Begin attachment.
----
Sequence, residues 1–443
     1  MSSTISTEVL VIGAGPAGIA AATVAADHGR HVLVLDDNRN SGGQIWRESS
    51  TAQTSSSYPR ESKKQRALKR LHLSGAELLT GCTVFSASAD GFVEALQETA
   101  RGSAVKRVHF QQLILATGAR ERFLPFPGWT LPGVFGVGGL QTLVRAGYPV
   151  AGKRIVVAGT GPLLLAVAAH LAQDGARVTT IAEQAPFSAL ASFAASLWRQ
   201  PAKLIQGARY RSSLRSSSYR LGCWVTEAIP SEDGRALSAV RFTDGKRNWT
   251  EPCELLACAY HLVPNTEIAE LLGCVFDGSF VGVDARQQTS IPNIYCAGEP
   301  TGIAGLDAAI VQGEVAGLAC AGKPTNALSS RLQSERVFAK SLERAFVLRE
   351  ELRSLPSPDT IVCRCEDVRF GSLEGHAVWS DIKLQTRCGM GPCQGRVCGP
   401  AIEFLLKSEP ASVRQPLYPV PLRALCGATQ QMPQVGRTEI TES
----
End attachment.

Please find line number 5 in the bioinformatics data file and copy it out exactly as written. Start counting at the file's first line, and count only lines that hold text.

   151  AGKRIVVAGT GPLLLAVAAH LAQDGARVTT IAEQAPFSAL ASFAASLWRQ